Tom Gardner
So it costs you 10 bucks in electric current and an hour or so of time (mine runs $35.00/hr for odd work) To make about 5 bucks?
How about a simpler solution? Take the contacts, clamp them so the buttons are hanging down. Then hit the back side of the contacts with a MAPP torch and let the contacts fall off. Might take 5 minutes to do.
Reply to
Steve W.
About 10 degrees below the melting point of the silver???
Reply to
clare
But which alloy is he dealing with? Most electrical contacts are made of coin silver, which melts at a lower temperature.
Reply to
Ed Huntress
Grinding copper is mnot exactly fun, do not ask me how I know.
i
Reply to
Ignoramus6092
Thanks. I may want to just scrap them as is.
i
Reply to
Ignoramus6092
Of course you do not want to grind copper or other soft metals; they will just mess up your stone. But sanding with a belt sander works pretty well if you do not try to remove material too quickly (otherwise the paper heats up too much.)
Reply to
anorton
It may not be worth trying to get them apart, but, for the record, what I would do is this: Heat them to around 1,200 def. F in a heat treating furnace, or just heat them good with a torch, to a low red color (maybe 1,200 = 1,300 deg. F). If they're brazed, they'll pop apart. If they don't, they aren't worth screwing with. I'd just scrap them as is at that point.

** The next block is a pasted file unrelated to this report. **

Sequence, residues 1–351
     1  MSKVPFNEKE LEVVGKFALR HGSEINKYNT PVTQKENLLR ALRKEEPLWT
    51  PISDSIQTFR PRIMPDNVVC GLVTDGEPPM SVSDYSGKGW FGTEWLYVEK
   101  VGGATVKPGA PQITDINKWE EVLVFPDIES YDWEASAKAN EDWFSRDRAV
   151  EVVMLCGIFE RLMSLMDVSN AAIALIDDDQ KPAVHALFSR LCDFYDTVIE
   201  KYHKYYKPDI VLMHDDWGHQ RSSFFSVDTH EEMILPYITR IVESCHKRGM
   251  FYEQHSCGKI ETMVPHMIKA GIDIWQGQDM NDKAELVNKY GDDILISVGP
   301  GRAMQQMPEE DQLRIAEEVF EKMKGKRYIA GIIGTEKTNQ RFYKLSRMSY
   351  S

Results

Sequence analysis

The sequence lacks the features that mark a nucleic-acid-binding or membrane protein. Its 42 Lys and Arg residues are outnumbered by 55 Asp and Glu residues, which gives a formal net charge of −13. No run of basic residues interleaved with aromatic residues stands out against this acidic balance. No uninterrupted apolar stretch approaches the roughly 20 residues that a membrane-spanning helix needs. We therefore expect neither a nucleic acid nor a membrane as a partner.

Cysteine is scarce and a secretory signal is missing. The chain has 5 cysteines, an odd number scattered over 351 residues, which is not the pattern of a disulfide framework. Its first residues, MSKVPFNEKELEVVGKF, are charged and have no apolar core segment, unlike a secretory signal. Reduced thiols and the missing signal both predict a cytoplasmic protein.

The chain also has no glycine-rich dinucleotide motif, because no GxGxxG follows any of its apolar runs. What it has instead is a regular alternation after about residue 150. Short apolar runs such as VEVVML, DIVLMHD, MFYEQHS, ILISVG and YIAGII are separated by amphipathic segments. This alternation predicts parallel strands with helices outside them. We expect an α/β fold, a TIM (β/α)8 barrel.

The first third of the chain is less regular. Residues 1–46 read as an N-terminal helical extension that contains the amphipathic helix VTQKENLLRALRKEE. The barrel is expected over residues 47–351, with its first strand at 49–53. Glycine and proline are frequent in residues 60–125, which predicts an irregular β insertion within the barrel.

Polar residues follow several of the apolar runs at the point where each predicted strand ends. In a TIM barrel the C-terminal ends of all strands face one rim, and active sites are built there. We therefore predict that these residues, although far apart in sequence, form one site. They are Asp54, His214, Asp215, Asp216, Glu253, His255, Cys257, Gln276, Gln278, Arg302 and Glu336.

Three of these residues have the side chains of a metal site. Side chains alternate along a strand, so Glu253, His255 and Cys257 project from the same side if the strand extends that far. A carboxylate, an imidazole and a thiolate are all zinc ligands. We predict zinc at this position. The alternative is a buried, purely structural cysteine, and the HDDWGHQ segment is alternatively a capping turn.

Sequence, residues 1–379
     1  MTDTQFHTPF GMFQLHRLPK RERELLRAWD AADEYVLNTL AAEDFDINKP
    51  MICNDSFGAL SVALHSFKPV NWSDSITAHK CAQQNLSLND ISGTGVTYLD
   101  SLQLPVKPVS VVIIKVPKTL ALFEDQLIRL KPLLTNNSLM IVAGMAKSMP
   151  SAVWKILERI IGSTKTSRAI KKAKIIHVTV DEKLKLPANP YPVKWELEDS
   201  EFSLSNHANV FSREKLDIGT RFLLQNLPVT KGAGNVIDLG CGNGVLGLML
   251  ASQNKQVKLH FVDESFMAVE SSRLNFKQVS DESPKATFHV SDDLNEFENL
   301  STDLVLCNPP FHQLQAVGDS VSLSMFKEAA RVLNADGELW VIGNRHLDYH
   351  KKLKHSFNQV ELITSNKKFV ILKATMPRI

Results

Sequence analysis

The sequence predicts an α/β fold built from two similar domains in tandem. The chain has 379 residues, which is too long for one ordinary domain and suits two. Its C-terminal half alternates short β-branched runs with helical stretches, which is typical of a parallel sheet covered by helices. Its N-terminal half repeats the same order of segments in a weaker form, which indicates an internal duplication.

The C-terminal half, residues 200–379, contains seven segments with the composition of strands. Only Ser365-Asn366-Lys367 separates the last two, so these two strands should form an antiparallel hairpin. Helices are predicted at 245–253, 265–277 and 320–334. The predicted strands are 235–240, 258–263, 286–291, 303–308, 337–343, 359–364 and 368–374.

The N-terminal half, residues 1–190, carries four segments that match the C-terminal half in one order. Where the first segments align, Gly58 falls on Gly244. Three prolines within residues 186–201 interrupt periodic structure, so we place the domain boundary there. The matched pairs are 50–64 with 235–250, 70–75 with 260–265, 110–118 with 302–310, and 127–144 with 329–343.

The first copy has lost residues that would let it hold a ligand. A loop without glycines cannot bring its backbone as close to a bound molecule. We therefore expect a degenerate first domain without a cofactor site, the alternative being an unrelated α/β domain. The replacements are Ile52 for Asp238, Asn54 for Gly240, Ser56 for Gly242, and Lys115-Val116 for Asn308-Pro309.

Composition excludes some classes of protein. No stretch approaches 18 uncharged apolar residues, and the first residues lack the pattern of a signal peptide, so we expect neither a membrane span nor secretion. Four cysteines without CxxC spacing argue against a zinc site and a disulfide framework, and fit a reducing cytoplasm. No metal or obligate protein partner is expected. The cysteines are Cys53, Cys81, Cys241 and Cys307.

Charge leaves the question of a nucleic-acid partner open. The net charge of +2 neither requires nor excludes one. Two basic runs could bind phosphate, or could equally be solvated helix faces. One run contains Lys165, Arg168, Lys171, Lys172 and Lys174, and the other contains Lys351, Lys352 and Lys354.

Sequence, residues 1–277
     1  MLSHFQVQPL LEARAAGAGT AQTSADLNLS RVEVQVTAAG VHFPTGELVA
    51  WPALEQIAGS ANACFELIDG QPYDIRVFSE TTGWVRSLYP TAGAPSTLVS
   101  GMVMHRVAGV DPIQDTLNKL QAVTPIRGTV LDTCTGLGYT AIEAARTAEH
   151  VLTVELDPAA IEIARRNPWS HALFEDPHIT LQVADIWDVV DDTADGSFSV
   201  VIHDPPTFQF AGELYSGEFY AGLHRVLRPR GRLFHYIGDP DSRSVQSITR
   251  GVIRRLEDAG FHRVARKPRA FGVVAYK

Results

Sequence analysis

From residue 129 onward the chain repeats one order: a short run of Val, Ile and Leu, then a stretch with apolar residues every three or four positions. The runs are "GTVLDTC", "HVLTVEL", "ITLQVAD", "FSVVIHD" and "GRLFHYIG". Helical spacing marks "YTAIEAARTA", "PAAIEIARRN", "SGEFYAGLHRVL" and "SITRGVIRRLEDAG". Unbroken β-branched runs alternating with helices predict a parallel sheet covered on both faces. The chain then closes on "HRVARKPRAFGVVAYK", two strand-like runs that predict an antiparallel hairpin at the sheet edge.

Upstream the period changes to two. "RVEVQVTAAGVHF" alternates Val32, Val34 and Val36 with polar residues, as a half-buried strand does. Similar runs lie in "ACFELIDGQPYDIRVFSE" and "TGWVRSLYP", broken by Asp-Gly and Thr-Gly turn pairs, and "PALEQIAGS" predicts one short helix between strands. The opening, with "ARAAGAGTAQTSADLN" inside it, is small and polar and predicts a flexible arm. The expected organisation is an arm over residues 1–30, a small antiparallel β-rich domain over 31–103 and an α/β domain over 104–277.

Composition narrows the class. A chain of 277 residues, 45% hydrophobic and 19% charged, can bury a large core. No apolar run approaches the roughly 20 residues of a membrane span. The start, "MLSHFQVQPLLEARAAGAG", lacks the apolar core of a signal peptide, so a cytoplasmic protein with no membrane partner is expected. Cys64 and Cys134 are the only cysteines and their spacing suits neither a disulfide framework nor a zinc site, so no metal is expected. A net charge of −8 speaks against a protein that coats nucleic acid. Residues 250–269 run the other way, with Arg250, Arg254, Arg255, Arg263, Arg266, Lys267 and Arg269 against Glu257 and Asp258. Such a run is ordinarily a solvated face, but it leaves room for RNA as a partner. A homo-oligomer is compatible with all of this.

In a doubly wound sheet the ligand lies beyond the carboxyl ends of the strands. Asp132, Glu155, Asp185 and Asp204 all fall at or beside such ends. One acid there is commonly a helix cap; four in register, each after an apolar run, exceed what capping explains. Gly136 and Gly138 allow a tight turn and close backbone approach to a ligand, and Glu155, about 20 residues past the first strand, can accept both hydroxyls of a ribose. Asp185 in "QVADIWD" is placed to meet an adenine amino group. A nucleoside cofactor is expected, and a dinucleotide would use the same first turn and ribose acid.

Reply to
Ed Huntress
I will do just that, perhaps with O/A instead.
i
Reply to
Ignoramus6092
I'd just heat the copper backing with my torch until the braze lets go or the terminal melts
Reply to
clare
Yeah, as a practical matter, I agree. And if it all just goes "schlump," then don't do it again.
Brass goes "schlump" very easily when you silver-braze it, if the braze melts at too high a temperature. But copper does not.
Reply to
Ed Huntress
Some things you need to know.
Some silver contacts contain cadmium. If the contact does not, the solder may. Don't do anything with them without a breeze coming from the side, to carry fumes away from you.
Some silver contacts are not silver along, but sintered tungsten, filled with silver. They will have a waffle pattern on the back side, obvious when you remove the contact from the buss. The silver can be leached by prolonged heating in distilled water and nitric acid. Keep the container (beaker) covered with a watch glass to prevent losses of values.
Contacts are easily removed by heating with a torch. I've done, literally, hundreds of pounds of them through my many years of refining precious metals. Want to get them off easily? Hold the buss with a pliers, while heating the contact. Apply heat directly on top, and keep watch on the solder, below. When you see it's molten, rap the buss on the edge of a coffee can. That dislodges the contact and the bulk of the solder, both of which will end up in the coffee can. Done.
Don't toss the silver with the base metal. Silver is now over $30 troy ounce.
Harold
Reply to
Harold & Susan Vordos
Nope. I never encountered coin silver in contacts, not ever.
Harold
Reply to
Harold & Susan Vordos